John deSteiguer Next President Calls OC Home

By Murray Evans (89) and Kelsey Frobisher This feature is a combination of two articles: Murray’s feature originally appeared in the Oklahoman; Kelsey’s feature originally appeared in the Talon

In 2001, the last time Oklahoma Christian conducted a search for a new president, a young administrator from Northeastern State University in Tahlequah was nominated. 

John deSteiguer, currently OC’s senior vice president for advancement, didn’t get the job then. But he made an indelible impression on members of the search committee. 

“We had never seen him before and didn’t know how to pronounce his name, but we were so impressed,” said Kent Allen (79), who will succeed deSteiguer as OC’s vice president for advancement (Allen was a local minister serving on the search committee at the time). “We said, ‘That guy needs to be working at OC in some leadership capacity … and one of these years, that guy is going to make someone a great, great president.’”

That prediction proved prophetic, as deSteiguer soon joined the OC administration and – 11 years later – will become OC’s president. 

The university’s 33-member board of trustees selected the 50-year-old deSteiguer to replace Mike O’Neal, who will retire from the presidency at the end of April.

After the board of trustees hired O’Neal as OC’s president, he began looking for a chief development officer. He thought of deSteiguer, whose time as a Pepperdine University law student overlapped with O’Neal’s time as an administrator there.

“John was just a natural, and it made a great deal of sense to bring him to OC,” O’Neal said. “He has a natural talent for raising money and he is a great Christian man. John genuinely loves people. He’s thoughtful of other people. When you’re in John’s presence, you always feel like you’re somebody special.”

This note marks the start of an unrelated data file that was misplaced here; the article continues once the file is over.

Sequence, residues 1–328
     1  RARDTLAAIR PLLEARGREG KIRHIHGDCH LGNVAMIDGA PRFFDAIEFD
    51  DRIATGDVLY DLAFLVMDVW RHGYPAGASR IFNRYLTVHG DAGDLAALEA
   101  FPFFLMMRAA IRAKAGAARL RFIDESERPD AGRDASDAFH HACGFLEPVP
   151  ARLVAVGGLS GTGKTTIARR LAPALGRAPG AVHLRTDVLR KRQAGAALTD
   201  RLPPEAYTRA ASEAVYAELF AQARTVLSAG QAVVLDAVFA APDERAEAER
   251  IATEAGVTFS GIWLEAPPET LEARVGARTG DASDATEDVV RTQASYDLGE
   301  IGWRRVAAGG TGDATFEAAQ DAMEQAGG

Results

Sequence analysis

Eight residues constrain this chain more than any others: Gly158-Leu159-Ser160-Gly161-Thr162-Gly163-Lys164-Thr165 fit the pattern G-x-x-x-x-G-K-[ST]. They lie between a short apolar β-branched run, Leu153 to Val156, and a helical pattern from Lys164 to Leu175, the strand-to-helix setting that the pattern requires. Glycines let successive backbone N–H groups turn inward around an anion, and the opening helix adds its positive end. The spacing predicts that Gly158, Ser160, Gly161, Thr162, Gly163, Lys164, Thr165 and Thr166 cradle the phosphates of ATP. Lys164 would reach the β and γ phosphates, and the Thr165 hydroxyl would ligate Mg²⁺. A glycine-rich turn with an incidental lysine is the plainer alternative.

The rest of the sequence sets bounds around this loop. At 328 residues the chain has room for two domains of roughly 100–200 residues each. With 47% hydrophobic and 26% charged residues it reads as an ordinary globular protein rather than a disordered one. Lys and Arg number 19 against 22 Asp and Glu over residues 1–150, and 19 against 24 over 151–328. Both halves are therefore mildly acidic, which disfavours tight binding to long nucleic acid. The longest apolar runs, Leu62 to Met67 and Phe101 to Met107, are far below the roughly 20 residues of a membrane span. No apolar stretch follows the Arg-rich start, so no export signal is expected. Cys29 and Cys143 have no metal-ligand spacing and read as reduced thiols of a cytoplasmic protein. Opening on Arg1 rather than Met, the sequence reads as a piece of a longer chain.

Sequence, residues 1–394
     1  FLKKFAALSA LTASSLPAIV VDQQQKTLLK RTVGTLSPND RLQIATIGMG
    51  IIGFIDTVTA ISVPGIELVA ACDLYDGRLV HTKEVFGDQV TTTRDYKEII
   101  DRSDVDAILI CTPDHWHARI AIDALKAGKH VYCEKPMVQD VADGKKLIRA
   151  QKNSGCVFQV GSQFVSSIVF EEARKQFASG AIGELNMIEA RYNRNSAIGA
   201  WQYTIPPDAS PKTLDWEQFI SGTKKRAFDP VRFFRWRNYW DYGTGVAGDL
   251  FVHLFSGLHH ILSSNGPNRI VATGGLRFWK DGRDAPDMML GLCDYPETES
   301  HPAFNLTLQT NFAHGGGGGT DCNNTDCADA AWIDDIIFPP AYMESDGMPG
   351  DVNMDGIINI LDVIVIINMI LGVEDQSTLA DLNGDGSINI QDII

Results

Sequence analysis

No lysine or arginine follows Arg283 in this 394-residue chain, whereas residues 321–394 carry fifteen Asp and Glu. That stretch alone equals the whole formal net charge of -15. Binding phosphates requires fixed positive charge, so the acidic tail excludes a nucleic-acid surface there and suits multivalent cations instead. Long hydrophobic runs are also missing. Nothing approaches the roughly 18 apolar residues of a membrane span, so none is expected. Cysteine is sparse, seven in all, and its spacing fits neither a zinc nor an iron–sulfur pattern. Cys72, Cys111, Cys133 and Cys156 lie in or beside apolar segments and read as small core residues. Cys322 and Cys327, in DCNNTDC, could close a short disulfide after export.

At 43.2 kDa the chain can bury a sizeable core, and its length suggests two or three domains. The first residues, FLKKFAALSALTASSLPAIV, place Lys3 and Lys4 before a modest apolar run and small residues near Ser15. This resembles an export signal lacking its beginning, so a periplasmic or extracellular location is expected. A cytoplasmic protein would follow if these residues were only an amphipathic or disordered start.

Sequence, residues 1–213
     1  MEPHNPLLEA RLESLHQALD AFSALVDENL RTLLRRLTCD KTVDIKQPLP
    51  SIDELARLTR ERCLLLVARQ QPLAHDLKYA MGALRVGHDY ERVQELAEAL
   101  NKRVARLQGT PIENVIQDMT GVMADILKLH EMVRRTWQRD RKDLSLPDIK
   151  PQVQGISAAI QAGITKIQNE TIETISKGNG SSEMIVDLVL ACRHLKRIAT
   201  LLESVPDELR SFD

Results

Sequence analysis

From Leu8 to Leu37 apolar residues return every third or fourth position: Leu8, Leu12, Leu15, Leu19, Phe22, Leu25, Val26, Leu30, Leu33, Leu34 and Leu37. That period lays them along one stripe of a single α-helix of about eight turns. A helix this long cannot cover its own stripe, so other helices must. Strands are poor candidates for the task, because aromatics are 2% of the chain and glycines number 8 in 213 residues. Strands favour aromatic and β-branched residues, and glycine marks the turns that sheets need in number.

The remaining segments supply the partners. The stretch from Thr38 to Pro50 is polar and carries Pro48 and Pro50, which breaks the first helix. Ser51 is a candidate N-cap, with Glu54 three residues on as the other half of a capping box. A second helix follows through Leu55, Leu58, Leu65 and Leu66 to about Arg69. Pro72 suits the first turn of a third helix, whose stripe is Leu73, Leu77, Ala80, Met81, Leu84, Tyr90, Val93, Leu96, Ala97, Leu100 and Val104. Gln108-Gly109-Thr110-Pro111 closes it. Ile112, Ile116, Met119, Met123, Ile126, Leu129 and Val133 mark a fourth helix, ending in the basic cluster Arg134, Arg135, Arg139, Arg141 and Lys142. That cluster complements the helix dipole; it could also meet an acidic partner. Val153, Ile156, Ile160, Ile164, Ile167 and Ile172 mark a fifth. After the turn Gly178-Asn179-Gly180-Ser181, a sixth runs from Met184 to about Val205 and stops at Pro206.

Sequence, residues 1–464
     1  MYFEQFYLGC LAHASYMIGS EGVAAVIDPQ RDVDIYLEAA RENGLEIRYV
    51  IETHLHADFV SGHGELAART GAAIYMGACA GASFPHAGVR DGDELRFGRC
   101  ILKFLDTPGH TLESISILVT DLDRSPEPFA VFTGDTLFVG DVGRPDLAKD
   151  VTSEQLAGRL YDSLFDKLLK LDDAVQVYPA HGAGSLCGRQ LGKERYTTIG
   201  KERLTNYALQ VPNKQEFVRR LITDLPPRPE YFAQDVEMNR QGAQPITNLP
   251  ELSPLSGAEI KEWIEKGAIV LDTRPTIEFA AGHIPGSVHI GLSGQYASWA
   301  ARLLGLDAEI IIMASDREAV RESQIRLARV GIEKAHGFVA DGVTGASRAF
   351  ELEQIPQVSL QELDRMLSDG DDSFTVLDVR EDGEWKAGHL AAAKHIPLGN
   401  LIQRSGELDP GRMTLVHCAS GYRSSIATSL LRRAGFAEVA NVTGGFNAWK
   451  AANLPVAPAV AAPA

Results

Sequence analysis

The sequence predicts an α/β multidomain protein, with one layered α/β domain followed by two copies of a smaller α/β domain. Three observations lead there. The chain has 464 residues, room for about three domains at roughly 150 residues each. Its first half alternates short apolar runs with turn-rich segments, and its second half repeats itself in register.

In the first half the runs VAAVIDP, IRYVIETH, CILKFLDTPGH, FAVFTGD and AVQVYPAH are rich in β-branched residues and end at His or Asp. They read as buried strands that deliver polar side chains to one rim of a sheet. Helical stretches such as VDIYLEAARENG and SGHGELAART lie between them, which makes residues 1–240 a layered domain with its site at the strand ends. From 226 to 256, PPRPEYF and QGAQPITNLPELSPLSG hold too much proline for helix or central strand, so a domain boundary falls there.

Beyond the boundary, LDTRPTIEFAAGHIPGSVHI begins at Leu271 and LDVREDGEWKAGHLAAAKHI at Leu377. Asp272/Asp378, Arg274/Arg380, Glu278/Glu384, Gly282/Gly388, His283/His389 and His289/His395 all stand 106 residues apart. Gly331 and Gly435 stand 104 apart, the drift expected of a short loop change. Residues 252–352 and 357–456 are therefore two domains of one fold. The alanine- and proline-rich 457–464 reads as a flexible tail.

Given the opportunity to combine his passions of faith and higher education, deSteiguer left his alma mater and his hometown for the unknown, with his wife Darla’s blessing.

“We always thought that, sometime toward the end of my career, we would go to Christian higher education,” deSteiguer said. “Our faith is very important to us and we thought we would be able to serve in some way. When the opportunity arose for us to serve earlier, we prayed a lot about it and we talked a lot about it, and we were convinced that God was creating opportunities to move us in this direction.”

He said Oklahoma Christian has become his home, and he wants everyone connected with the university to feel the same way.

“This place has really become home to us in the time we’ve been here,” he said. “We were outsiders in every sense of the word, but we were taken in by a number of folks. We have been blessed by the people that we’ve come to know here.”

The son of a naval aviator, deSteiguer moved a lot as a child, living in California, Nebraska, Texas and Virginia, as well as on the island of Guam. 

His family eventually settled in his mother’s hometown of Tahlequah, where he caught the attention of Don Betz, a professor at Northeastern State who directed NSU’s President’s Leadership Class. Betz worked hard to recruit the Tahlequah High School product to NSU in 1980.